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Welcome to the 37th edition of Sparke Helmore’s MAD Weekly.

The Personal Injury Commission (Commission) commenced on 1 March 2021 and, with it, the publication of the majority of decisions issued by the Commission.

To help you navigate the recent decisions of the Motor Accidents Division (MAD) of the Commission, we are publishing weekly the relevant headnotes of published decisions with a link to the decisions on the Australasian Legal Information Institute (AustLII) website. Please see this week’s edition below.

All references to legislation are to the Motor Accident Injuries Act 2017 unless otherwise noted.

Commentary and analysis of trends will be provided on more substantive decisions by our CTP team and will be separately published when necessary.

Claims Assessment - Settlement Approval

AAI Limited trading as GIO v Morey [2022] NSWPIC 36

Member: Anthony Scarcella

MOTOR ACCIDENTS—settlement approval—liability admitted—claimant returned to work but still experiences some pain and discomfort—whether proposed settlement just, fair and reasonable and within the range of likely potential damages assessment.

The claimant was a pedestrian walking on a driveway when the insured driver drove over a piece of timber, which was then propelled and struck the claimant’s foot. A wound/tendon damage was surgically repaired, and the claimant wore a CAM boot for four months.

At the request of the insurer, Dr Rosenthal examined the claimant, and assessed his injuries at 3% WPI. After a period of time, the claimant returned to his role as a supervisor at a bottling factory, where he had worked for 10 years. His work involved being on his feet all day but no lifting. He was required to wear steel cap boots, which the claimant reported to Dr Rosenthal irritated his left foot but that his injury was not stopping him from performing his usual work duties.

The claimant reported to the Member that he experiences pain and discomfort in his left foot by the end of his 12-hour shifts.

The parties agreed to resolve the claim for the sum of $100,586.36, for economic loss damages only ($30,586.36 for past economic loss and $70,000 for future economic loss). As the claimant was not represented by solicitors, the proposed settlement required approval by the Commission pursuant to s 6.23 of the Act.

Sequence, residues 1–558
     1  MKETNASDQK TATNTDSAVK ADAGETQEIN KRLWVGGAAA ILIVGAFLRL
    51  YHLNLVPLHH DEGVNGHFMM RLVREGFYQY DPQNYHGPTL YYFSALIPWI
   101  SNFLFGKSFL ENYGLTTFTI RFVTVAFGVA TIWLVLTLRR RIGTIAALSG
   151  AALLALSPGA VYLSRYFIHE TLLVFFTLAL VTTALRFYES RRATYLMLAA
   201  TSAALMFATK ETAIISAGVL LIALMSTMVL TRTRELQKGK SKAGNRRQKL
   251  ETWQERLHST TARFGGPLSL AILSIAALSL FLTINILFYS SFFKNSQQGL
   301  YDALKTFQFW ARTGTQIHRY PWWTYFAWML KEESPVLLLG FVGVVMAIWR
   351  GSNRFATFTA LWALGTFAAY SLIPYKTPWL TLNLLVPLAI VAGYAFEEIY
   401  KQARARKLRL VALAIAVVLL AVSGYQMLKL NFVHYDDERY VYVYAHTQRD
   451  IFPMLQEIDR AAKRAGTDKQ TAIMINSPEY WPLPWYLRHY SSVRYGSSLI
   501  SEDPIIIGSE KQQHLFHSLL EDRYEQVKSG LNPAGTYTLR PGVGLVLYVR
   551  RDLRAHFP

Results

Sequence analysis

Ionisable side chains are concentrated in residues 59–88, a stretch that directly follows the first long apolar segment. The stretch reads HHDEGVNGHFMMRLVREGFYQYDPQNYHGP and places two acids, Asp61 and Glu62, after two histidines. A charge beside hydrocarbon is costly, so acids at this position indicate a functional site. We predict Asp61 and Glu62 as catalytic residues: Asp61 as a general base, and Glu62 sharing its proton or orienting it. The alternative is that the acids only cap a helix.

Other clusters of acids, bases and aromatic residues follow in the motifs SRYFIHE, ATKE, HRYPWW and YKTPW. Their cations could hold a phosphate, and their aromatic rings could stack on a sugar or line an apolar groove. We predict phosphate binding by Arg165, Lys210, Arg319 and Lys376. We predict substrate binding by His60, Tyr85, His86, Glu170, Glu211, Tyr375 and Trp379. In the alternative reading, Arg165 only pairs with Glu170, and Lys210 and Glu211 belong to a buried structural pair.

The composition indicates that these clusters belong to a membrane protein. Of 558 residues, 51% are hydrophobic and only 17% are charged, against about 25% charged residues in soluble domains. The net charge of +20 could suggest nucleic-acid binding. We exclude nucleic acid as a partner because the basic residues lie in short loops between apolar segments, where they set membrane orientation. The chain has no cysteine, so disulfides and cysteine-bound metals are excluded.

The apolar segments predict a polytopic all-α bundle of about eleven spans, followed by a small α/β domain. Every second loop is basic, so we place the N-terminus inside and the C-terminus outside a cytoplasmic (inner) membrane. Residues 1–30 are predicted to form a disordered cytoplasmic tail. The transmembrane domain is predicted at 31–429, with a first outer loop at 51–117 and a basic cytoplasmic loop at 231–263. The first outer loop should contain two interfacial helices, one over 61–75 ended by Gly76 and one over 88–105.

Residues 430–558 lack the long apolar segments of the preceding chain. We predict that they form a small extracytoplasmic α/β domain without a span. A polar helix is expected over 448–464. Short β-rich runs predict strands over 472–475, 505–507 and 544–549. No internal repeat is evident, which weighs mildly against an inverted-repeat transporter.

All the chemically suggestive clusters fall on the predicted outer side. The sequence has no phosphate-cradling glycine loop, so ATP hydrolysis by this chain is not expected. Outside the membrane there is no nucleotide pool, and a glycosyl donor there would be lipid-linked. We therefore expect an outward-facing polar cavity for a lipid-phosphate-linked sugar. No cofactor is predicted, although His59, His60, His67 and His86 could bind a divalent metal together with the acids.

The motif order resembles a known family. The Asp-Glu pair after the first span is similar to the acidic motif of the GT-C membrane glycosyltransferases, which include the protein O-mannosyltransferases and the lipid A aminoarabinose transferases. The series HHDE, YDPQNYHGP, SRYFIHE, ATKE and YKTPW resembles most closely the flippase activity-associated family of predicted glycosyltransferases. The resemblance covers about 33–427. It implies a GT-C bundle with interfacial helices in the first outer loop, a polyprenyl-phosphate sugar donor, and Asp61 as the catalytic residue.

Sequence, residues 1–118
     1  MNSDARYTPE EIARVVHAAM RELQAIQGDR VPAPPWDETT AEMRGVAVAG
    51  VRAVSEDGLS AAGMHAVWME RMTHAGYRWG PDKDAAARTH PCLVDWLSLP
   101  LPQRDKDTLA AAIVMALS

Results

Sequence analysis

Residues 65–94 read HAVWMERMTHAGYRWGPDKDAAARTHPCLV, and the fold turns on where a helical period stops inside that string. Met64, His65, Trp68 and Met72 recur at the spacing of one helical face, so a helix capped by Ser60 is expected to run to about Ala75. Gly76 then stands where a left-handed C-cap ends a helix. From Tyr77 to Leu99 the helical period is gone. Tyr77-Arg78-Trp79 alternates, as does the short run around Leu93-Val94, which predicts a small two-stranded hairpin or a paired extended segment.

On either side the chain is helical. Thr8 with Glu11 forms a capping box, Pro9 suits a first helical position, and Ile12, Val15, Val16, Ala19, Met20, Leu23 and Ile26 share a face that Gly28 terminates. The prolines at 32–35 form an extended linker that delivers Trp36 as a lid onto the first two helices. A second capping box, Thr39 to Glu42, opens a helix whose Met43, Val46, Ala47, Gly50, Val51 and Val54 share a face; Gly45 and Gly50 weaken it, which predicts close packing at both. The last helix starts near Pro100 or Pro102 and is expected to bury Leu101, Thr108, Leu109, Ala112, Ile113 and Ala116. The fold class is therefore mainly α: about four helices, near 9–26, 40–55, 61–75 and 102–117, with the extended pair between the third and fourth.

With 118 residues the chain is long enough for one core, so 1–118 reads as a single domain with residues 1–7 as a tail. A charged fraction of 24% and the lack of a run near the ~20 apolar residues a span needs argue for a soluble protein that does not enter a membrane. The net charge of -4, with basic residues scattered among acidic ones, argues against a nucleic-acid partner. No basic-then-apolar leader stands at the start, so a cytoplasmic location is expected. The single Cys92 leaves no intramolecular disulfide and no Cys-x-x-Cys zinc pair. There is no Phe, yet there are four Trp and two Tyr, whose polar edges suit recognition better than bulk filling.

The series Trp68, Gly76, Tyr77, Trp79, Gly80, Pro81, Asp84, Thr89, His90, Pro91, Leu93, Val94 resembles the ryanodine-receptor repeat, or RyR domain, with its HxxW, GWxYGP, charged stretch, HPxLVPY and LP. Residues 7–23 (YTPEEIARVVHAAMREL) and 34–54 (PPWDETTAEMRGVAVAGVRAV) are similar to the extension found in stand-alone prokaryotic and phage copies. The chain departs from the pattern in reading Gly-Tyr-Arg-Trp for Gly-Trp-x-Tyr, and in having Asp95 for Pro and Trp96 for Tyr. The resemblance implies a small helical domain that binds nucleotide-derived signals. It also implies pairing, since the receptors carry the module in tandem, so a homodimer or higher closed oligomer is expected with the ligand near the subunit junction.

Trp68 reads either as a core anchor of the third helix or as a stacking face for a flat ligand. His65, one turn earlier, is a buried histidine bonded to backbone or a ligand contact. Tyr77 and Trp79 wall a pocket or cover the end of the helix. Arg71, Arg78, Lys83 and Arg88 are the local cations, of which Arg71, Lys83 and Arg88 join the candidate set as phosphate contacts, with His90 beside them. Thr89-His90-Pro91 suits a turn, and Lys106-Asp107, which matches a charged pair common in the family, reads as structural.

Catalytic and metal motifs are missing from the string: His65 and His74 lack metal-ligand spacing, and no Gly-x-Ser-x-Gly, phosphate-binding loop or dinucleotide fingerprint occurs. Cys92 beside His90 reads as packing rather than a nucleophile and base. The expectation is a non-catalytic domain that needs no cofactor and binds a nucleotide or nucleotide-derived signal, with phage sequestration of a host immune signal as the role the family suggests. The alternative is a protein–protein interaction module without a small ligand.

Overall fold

There was no evidence put forward by the parties that restrictions should be applied to the claimant’s work activities or that his future earning capacity was impacted. However, in considering whether an award for future economic loss, the Member took into account that the claimant may require time off work for treatment when he experienced exacerbations of pain and discomfort, including irritation to his foot caused by his steel boot.

Findings: The Member accepted the proposed sum of $100,586.36 was just, fair and reasonable and within the range of damages likely to be awarded if this matter had progressed to hearing. The Member approved the settlement.

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Miscellaneous Claims Assessment

Nasr v IAG Limited t/as NRMA Insurance and QBE Insurance (Australia) Ltd [2022] NSWPIC 34

Member: Ray Plibersek

MOTOR ACCIDENTS—claim for statutory benefits—whether one or two accidents—which is relevant insurer—whether claimant wholly or mostly at fault—contributory negligence and agony of the moment defence.

The claimant was the driver of a vehicle insured by NRMA. Whilst parking in a parking bay in a car park, another vehicle (insured by QBE) collided with the rear left of her vehicle. The claimant then accelerated and collided with a fence and tree 60 to 100 metres from the parking bay. It was her evidence that she heard a loud bang behind her, could not remember anything until she hit the fence and tree, and was shocked and frightened. The claimant suffered a number of injuries and was taken to hospital for surgery and treatment over a number of weeks.

At the time of the accident, the claimant was 78 years old and spoke little English. Her and her daughter completed a CTP claim form and lodged the claim with NRMA.

According to the investigating police officer and the claimant’s employer, the QBE insured driver admitted colliding with the claimant’s vehicle while she was parking. The insured driver further admitted that he was distracted by some papers falling from a seat onto his gear stick, and when he looked back up again after retrieving the papers, the claimant’s vehicle was no longer there. He drove around the carpark and noticed that the claimant’s vehicle had collided with a tree.